How can you improve your technique, the better to uncover hot spots and inconsistencies? Industrial and organizational psychologists who train interviewers recommend choosing questions that are clearly linked to aspects of job performance and probing so candidates have to be as detailed as possible in their answers.
"Ask: 'What would you do?' 'What did you do?' Use follow-up questions. It's hard to fake a response when there are three or four follow-up questions," says psychologist Dr. Brian Cawley, a senior consultant with CorVirtus in Colorado Springs, Colo. "Go back and forth between 'What did you do?' and 'What would you do?' "The interview itself is just one part of the hiring process, Cawley notes. "Up front, remind candidates that you take a comprehensive approach, that you will view them through many different lenses.
Let them know you will be looking for consistencies and inconsistencies." Dr. Jeffrey Daum, president and CEO of Competency Management Inc., which has offices in Las Vegas and Detroit, notes that candidates often have pat answers ready, and "You can often trip up a person who has prepared just a single response for what they think you want to hear. "Say to the person, 'I'm interested in what you did then and what you did after that.'
Most people will begin to feel uncomfortable if you do that and they're making it up." Watch for non-verbal clues and listen carefully to whether the candidate responds to questions in generalities, Daum says. "It's the responsibility of the interviewer to 'train' the interviewee to be very specific. Some people may avoid using the word 'I.' Going for the 'we' may be a stylistic response," but it might also be a sign that the individual is claiming credit for group efforts. Taking notes during the interview helps make clear to the candidate that you are likely to remember their remarks and maybe even to check up on them, say Daum and Cawley.
But these notes are not the place for an interviewer to evaluate the candidate's performance. "It's too complex if you're listening and trying to evaluate at the same time. Hold your judgment until the interview is over," Cawley says. And, "rather than going cold into your first interview, you can practice and get some feedback." "Don't write statements such as 'outstanding response,' "says Daum. Spell out the response. "Don't say the person was 'a good leader,' say what they did" in detail. It's difficult to pick up on non-verbal cues while you're taking notes, "but you can focus on non-verbals as they think about the response," Daum says. "Use the pauses. While you're pausing, watch posture changes," especially after a question to which it seems that the candidate hasn't been completely candid. And, he says, have another person in on the interview "to cross check" and to "buy each other time" during the process.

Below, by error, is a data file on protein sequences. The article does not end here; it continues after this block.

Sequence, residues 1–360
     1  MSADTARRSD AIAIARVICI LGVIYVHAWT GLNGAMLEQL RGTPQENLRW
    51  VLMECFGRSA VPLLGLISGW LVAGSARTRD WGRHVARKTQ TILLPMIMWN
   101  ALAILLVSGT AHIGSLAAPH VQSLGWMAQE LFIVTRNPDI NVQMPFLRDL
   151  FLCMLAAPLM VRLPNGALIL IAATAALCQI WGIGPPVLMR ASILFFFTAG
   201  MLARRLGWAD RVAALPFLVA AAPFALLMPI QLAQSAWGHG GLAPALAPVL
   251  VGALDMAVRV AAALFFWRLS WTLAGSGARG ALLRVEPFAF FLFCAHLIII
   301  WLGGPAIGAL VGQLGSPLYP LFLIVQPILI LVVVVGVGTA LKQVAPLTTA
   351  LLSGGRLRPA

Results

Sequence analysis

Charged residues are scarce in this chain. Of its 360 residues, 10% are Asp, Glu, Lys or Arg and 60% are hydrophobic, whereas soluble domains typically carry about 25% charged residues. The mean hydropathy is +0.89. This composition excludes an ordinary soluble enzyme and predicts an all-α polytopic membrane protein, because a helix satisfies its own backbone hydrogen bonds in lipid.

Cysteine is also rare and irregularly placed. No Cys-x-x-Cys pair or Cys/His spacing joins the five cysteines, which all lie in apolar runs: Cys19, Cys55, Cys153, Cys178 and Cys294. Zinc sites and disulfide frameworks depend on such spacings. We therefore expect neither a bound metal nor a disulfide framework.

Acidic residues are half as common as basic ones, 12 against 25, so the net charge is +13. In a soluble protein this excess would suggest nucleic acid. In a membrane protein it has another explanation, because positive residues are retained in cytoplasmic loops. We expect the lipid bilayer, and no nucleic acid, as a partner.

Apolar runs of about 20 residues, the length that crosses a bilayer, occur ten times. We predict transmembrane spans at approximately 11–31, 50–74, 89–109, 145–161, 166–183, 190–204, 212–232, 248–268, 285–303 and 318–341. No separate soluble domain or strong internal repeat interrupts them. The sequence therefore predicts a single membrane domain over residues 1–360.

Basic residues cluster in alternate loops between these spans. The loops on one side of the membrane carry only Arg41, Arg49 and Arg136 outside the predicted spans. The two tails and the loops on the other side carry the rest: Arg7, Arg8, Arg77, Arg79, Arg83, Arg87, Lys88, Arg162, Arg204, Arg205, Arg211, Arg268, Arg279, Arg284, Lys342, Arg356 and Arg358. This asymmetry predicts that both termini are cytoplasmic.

Dr. Douglas Waldo, SPHR, the lead researcher for CraftSystems Inc. in Bradenton, Fla., trains interviewers, through coaching and role playing, to listen for "behavioranchored responses." He advises managers who are not wellexperienced in interviewing to align themselves with seasoned mentors.
During role-playing exercises, groups of interviewersâ€“Waldo recommends team interviewsâ€“learn to pick up on inconsistencies and spot candidates who are too "overly polished." Like Maltin, Waldo believes interviewers should learn to establish a comfort zone, then "look for dramatic changes. You can tell when you hit a hot spot. They're not necessarily lying, but they're uncomfortable. The best line of defense is that probing question, that follow-up," he says.
"I'm still optimistic enough to think that the average person is honest, but, at the same time, we have to be good stewards of our resources," by really honing those interviewing skills, Waldo says.
Stephenie Overman is editor of STAFFING MANAGEMENT.